The Labyrinth of Exile
The 1990’s will bring the hundredth anniversary of the beginning of Theodor Herzl’s quixotic quest to turn an age- old dream into reality and secure a homeland for the perennially persecuted Jewish people. Thus the appearance of this excellent biography, arguably the best of the three major books on the father of political Zionism that have been published during the past fifteen years, is particularly timely While it supplements rather than supplants Alex Bein’s classic study of 1934, it is a valuable companion to the reissue of Herzl’s utopian novel, Altneuland (1902; Old-New Land, 1941)—”My life now is no novel,” its author wrote in 1901, “and so the novel has become my life”—and to the seven-volume edition of Herzl’s Zionist writings, diaries, and letters in the original German that has been prepared by a team of German and Israeli scholars. Ernst Pawel successfully presents the Zionist leader, the writer, and the man in his full complexity and gives the reader a Herzl from within. His relentless, occasionally rather speculative, exploration of Herzl ’5 psyche and his touch of ironic condescension make him come closer to a demystification and debunking in the vein of psychohistory than to a hagiographic portrayal. Yet he never denies Herzl’s steadfast nobility of purpose, and, even stripped of heroics and sentimentality, Herzl emerges as “the first Jewish leader in modern times” and “thus far the only one,” because “those who came after him were politicians.” There is no belittling the achievement of the man who was at once a dreamer and a schemer and who “forged a patchwork of little groups and stillborn initiatives into a coherent movement.”
Herzl’s early life provided little indication that he would become a crusading Zionist. He was a former lawyer and a workaday journalist; he was the essentially agnostic author of elegant feuilletons, witty essays, whimsical stories, and justly forgotten drawing-room comedies and boudoir farces (some of which were performed at the prestigious Burgtheater in Vienna). Herzl once described himself as a writer of sorts, with little ambition and petty vanities,” yet at other times he displayed great arrogance; Pawel all too harshly speaks of “blinding egocentricity compounded by megalomania.” Despite the existence of a plethora of information about Herzl and such primary sources as his extensive diaries from the last decade of his short life (devoted entirely to the “Jewish cause”), it will probably always remain an enigma how this admirer of the “iron chancellor” Bismarck, the Prussian Junkers, and pan-Germanism, this assimilated and only marginally Jewish man, turned almost overnight into a courageous and charismatic (although autocratic) leader and messianic spokesman for the downtrodden Jewish masses.
With remarkable resilience, the dauntless Herzl overcame repeated disillusionments and reverses, and, despite numerous failures and discouragements in his hapless pursuit of one chimera after another, he came to call Zionism the Sabbath of his life. Shortly before his death in 1904, at age forty-four, which was hastened by overwork and frustration, Herzl ruefully realized that no Moses reaches the Promised Land and said that he had given his heart’s blood for the Jewish people. He had predicted early in his quest that by virtue of the grandeur and urgency of his cause he would associate and negotiate with the mighty of the earth as their equal, and in the succeeding years Herzl, who was endowed with a great capacity for self-deception, was received by the duplicitous Turkish sultan Abdul Hamid II (from whom he unsuccessfully strove to obtain a charter for the settlement of Palestine, then part of the Ottoman Empire), Kaiser Wilhelm II (from whom he vainly attempted to secure a German protectorate over Palestine), Pope Pius X, the Italian king Victor Emmanuel II, Czar Nicholas of Russia, and leaders of the Austrian and British governments. To these potentates Herzl represented Zionism as an effective antidote to socialism and other forms of radicalism and sedition. At one time the British offered Uganda and other controversial territories, which, in the face of pogroms in Eastern Europe, were deemed by some Zionists to be acceptable as a “shelter for the night.” These endeavors and accomplishments, to be sure, also obliged Herzl to deal with unctuous crackpots, charming rogues, corrupt intermediaries, and colorful adventurers, and he found himself caught in a vortex of international intrigues, power politics, and diplomatic deceit.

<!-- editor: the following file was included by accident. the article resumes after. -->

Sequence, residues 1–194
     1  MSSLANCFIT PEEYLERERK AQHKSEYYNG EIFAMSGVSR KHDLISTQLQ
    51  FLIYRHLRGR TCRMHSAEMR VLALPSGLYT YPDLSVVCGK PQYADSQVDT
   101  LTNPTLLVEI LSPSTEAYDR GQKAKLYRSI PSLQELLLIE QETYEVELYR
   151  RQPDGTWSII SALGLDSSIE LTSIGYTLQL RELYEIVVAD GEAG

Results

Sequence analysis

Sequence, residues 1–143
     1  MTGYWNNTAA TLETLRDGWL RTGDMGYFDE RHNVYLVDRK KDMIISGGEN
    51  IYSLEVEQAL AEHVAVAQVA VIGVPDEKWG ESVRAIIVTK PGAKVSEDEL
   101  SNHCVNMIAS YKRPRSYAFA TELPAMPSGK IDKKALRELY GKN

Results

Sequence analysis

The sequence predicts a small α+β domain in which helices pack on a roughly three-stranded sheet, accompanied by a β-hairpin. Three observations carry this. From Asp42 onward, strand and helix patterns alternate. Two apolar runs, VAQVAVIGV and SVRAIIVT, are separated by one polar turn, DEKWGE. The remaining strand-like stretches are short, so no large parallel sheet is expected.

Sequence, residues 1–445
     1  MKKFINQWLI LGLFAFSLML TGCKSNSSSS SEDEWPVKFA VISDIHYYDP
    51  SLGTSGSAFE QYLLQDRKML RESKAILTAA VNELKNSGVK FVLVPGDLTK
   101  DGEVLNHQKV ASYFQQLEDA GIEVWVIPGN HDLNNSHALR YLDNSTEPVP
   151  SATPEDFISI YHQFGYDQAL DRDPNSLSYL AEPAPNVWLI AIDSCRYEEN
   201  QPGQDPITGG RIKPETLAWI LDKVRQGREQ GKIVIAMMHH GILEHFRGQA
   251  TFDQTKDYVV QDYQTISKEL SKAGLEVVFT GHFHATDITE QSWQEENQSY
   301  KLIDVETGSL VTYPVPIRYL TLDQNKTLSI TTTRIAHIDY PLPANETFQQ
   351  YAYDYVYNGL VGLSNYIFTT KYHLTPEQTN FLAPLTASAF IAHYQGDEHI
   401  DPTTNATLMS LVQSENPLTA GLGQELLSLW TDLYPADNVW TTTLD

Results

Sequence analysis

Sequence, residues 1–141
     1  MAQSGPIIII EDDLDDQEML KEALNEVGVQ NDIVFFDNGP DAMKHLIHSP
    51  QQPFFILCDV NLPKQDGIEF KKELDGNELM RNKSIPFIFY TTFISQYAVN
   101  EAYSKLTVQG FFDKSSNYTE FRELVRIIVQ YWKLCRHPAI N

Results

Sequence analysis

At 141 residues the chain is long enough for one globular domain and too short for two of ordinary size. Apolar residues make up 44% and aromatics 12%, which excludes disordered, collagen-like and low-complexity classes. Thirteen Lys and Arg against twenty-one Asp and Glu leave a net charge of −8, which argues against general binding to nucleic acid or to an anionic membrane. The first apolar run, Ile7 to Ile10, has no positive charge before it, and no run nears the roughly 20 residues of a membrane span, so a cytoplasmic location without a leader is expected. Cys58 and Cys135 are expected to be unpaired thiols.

In some ways Herzl was prophetic. He wrote, after the First Zionist Congress in 1897, “At Basel I founded the Jewish State Perhaps in five years, and certainly in fifty, everyone will realize it.” In other, equally important respects, however, the great amateur of realpolitik was astonishingly naive and even obtuse and...
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